The African Continental Free Trade Area (AfCFTA) is a game-changing initiative by African countries to form a trade pact that progressively eliminates tariff and non-tariff barriers such as customs delays and creates a liberalised market for free movement of goods and persons.

The central objective of this treaty is to bring about a fundamental restructuring of the economies of African States through greater integration and easy access to an expanded market of 1.2 billion people, and in the process, achieve the kind of growth that translates into a higher standard of living for people on the continent.

Typically, trade agreements are negotiated and implemented in phases and AfCFTA is following the same process for implementation. Phase one negotiations cover Protocols on Trade in Goods, Trade in Services, and Rules and Procedures on the Settlement of Disputes whereas phase two negotiations are in respect of Protocols on Intellectual Property Rights, Investments, and Competition Policy. Negotiations of the E-commerce Protocol will be covered in phase three.

According to a report by the World Bank, AfCFTA has the potential to boost regional income by 7% or $450 billion, speed up wage growth for women, and lift 30 million people out of extreme poverty by 2035. Wages for both skilled and unskilled workers will also increase by about 10 per cent.

AfCFTA promises to improve the lives of women who, according to the Economic Commission for Africa, account for around 70 per cent of informal cross-border trade in Africa. It is safe to conclude that almost all of Africa’s informal businesses are micro-enterprises.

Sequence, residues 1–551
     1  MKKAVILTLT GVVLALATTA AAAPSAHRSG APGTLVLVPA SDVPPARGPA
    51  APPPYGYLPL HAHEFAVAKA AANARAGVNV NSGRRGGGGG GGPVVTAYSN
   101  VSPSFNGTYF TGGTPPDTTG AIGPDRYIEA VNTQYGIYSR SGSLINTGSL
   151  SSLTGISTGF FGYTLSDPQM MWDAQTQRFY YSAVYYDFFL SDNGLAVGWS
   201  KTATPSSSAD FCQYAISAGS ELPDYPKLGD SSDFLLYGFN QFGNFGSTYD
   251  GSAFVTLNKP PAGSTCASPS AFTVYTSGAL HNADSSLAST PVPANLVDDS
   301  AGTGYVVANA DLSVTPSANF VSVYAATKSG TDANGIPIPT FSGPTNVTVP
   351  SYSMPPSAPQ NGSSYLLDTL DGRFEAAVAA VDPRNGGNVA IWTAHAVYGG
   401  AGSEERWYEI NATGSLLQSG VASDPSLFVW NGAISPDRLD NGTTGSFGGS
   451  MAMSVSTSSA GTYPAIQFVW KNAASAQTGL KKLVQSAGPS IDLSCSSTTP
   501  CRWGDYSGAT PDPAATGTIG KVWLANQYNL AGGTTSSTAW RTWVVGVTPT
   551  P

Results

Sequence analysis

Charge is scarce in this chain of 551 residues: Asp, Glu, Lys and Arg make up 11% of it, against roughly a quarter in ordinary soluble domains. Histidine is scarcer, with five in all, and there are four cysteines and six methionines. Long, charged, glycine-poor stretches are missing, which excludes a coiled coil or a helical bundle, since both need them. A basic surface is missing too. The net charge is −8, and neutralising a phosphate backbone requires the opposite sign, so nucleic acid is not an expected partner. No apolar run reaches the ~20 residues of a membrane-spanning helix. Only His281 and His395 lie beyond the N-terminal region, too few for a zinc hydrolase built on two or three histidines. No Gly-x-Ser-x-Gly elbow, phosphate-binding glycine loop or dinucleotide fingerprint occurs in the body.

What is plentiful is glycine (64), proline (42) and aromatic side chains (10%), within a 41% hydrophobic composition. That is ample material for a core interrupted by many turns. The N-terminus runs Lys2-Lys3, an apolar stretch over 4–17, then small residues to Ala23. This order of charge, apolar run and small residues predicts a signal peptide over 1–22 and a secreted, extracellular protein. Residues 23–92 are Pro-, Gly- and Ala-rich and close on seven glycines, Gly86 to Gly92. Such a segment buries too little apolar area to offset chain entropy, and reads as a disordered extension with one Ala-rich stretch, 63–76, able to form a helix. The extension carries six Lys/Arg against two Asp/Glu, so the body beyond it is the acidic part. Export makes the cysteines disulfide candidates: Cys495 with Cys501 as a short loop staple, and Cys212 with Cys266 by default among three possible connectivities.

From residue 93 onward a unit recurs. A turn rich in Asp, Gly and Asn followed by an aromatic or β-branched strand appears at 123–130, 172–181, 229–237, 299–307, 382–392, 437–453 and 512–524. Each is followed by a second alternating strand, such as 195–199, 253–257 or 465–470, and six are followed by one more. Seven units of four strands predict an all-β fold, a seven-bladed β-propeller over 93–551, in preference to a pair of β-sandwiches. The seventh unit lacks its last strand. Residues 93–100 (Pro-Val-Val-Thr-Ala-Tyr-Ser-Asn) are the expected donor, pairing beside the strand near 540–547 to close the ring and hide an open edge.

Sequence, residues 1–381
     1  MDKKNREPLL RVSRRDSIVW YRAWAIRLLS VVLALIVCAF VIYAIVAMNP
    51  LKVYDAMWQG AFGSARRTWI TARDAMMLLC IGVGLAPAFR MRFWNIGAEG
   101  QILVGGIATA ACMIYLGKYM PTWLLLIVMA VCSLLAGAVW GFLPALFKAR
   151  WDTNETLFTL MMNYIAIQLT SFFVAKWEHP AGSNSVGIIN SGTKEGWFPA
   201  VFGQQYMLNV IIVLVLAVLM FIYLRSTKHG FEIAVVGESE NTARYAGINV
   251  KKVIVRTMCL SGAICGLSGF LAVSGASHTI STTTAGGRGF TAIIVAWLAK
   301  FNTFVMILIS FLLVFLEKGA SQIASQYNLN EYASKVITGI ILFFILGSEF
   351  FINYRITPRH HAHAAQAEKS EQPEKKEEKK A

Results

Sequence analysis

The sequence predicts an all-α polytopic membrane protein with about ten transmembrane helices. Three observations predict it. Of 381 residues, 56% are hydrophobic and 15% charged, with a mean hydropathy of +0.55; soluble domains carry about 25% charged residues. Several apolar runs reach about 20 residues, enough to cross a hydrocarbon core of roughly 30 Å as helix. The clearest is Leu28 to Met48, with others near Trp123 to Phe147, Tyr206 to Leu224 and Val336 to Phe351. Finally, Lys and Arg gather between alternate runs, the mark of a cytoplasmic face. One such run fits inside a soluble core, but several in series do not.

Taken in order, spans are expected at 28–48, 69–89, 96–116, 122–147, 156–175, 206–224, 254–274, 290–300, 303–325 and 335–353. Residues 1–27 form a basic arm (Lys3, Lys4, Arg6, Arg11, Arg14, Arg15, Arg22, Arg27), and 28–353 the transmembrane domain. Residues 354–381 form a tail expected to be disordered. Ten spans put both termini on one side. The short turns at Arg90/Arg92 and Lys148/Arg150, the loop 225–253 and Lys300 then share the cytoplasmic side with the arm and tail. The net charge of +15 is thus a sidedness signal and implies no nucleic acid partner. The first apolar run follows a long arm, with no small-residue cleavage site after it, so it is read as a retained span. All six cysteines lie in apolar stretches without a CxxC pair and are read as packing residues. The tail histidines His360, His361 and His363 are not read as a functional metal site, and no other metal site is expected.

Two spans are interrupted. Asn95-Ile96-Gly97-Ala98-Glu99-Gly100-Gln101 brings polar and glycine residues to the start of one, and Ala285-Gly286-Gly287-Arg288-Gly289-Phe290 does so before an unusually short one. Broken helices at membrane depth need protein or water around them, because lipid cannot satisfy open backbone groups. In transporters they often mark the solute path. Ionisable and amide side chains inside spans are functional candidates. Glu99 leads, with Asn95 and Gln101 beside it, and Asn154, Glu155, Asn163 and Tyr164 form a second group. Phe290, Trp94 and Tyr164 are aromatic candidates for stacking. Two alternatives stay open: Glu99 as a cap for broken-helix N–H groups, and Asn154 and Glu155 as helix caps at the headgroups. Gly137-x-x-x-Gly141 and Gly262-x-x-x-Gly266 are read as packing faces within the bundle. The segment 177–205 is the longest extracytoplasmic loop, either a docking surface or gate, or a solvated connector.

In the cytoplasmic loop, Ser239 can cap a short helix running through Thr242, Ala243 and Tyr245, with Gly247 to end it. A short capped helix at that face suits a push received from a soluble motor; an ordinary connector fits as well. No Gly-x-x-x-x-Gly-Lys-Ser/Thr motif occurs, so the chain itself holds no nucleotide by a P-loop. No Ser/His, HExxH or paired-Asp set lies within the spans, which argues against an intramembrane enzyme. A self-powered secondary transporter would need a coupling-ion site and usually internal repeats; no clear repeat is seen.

Micro enterprises are defined as having less than 10 employees with $100,000 or below in assets and in annual turnover. There are 44 million registered micro enterprises on the continent and an estimated equal number or more operate in the informal economy. This article focuses on how the upcoming AfCFTA protocol on E-commerce can leverage instant and inclusive digital payments to address the unique challenges of Africa’s micro-enterprises.

E-commerce Definition

The definition of E-commerce that will be adopted by the AfCFTA protocol on E-commerce can potentially include or exclude all or some of Africa’s micro-enterprises.

The Organization for Economic Co-operation and Development (OECD) defines E-commerce as “The sale or purchase of goods or services, conducted over computer networks by methods specifically designed for the purpose of receiving or placing of orders”.

This definition is restrictive and inapplicable in the African context where infrastructure is undersupplied and end-to-end processing of transactions in a digital environment from order to fulfilment is not always possible.

There are widespread E-commerce use cases in Africa in which transactions are initiated online but delivery, fulfilment, or payment is achieved offline. In some other use cases, the order is placed offline, but the delivery, fulfilment or payment is achieved online.

Given that mobile money, payments are predominantly carried out using USSD connectivity mode, any definition of E-commerce that includes end-to-end processing of transactions over the internet may automatically exclude the majority of Mobile Money users and mobile money payments for goods and services.

The most popular definition of E-commerce is that of the World Trade Organization (WTO) which says that E-commerce is “the production, distribution, marketing, sale or delivery of goods and services by electronic means”.

Thus, the WTO definition qualifies any transaction to be E-commerce if any one of the processes from production to delivery is achieved in an online environment.

This definition also takes a broader view of the term “online” to include the USSD network and not the internet only.

It is recommended that the upcoming E-commerce protocol takes a broader view of the definition of the term and includes instant and inclusive payment channels such as mobile money to ensure the inclusion of Africa’s formal and informal micro-enterprises.

Formalizing Africa’s Informal Micro Enterprises

The causative factors of Africa’s informal micro-enterprises are many and varied and, in some cases, deep-rooted and underpinned by cultural beliefs that are not progressive.